We’ve asked conservation organisations around the world to nominate a species that they believe to be overlooked, underappreciated and unloved, and tell us why they think that they deserve a fair share of the limelight, this Valentine’s Day.
Each nominee’s story is featured on the Arkive blog with information on the species, what makes them so special, the conservation organisation that nominated them and how they are working to save them from extinction.
Click the ‘unloved species’ tag above to see all of the nominations and their blogs.
Once you have perused the blogs you can vote for your favourite to help get them into the top ten unloved species and get them the recognition that they truly deserve! Share your favourite with others using the #LoveSpecies hashtag on Twitter and Facebook and tell them why they should vote for them too. Voting closes on February 14th at 23:59 PST (07:59 GMT).
Join us and our conservation partners in celebrating and raising awareness for some of the world’s most unloved species this Valentine’s Day!
Nominated by: Yorkshire Wildlife Trust
Conservation status: UK amber-listed bird of conservation concern
Why do you love it? We are lucky to have an internationally important seabird colony in Bempton Cliffs on our doorstep. Bempton with its 400 feet white chalk cliffs holds 250,000 seabirds and is the only mainland gannetry in England with 25,000 birds inhabiting the cliffs from mid-February to the end of October. To see these magnificent seabirds on a daily basis is just incredible.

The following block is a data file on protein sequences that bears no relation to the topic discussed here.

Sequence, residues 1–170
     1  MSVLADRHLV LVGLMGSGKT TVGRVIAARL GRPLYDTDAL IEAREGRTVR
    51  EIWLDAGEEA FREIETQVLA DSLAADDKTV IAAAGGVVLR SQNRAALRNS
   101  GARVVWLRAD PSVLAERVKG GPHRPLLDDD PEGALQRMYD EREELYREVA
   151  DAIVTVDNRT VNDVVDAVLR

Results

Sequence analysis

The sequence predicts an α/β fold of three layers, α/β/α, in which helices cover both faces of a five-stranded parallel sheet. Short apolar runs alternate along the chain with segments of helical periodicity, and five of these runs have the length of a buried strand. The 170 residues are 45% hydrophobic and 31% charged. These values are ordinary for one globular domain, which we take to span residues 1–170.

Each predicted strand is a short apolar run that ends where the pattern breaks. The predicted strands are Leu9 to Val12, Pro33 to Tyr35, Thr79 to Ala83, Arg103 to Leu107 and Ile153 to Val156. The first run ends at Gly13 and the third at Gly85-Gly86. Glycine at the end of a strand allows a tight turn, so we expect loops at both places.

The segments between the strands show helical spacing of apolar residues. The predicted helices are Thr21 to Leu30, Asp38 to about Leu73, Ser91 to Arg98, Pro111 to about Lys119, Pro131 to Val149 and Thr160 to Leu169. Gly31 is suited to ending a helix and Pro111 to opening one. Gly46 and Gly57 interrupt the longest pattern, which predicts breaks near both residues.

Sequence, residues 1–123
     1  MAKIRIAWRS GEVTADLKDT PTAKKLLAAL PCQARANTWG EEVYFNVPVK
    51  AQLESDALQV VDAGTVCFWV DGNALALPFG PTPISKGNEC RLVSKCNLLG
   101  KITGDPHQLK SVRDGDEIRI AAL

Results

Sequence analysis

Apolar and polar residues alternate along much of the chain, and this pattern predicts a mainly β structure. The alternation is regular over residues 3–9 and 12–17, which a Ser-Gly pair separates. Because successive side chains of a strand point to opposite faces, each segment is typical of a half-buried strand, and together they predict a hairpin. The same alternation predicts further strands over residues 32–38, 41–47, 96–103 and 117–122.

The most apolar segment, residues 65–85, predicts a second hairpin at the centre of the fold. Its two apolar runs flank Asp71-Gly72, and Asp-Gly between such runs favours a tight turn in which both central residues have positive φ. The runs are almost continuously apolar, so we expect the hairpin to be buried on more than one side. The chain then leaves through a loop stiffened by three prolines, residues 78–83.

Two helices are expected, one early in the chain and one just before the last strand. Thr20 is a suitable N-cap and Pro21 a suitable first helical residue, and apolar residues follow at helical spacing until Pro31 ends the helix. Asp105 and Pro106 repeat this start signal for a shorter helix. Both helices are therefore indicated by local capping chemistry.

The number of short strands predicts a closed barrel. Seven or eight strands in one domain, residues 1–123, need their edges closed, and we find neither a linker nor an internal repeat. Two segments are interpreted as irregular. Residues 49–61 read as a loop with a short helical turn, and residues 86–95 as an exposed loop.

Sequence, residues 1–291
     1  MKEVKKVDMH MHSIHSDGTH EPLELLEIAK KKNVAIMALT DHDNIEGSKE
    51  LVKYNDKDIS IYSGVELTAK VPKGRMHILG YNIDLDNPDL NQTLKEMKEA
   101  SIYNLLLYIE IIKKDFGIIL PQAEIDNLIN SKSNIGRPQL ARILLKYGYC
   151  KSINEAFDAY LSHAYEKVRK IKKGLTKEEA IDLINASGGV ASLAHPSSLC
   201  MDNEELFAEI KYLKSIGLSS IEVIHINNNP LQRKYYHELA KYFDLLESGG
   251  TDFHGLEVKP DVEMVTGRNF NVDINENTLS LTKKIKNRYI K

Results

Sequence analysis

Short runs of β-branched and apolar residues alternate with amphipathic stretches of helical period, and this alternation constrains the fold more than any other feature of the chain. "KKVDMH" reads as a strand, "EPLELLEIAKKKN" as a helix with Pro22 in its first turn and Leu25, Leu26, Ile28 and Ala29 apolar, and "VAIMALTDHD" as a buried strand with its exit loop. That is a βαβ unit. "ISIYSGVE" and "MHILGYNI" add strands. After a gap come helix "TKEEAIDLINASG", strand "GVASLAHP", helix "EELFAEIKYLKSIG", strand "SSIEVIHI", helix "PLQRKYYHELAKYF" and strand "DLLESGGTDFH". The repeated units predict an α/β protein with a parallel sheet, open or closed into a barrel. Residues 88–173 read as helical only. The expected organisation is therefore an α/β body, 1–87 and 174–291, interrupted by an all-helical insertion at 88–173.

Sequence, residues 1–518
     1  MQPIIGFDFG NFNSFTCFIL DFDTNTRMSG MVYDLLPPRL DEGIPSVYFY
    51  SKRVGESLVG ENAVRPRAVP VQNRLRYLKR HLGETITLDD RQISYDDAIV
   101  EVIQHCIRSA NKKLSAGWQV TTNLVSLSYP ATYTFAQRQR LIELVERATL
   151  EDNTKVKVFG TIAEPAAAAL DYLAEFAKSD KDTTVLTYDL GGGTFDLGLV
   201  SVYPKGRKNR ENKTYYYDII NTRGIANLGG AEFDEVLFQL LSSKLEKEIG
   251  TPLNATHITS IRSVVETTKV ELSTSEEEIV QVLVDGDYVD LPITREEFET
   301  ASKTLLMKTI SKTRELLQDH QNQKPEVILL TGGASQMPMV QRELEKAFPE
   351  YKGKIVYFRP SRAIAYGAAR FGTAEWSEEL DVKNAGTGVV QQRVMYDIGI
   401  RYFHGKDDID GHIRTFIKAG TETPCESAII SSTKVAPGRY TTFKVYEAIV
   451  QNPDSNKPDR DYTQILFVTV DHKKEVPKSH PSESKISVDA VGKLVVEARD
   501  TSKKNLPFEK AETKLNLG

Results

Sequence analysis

The gannet is the UK’s largest seabird with a 2 metre wingspan, golden yellow head, blue eye ring and black tipped wings and can dive in to the sea up to speeds of 70mph to catch its prey. They are very caring and loving birds in which they pair for life and return to the same nest each year – incredible!
What are the threats to the gannet? Depleted fish stocks can affect the gannet’s food supply. Pollution such as marine rubbish can be collected to add to their nests and the young and adults can get entangled in rope, plastic bags, fishing tackle, etc. Offshore renewables such as large wind farms out at sea can cause gannet deaths if they fly high enough to reach the turbines.
What are you doing to save it? We provide tours to see and photograph these spectacular birds above and below the cliffs. We have worked with the RSPB at Bempton Cliffs to document the satellite tagging program to track gannets to see where they are provisioning for food and to look at possible Marine Protected Areas (MPAs) to conserve the marine environment to help protect the gannet’s food source.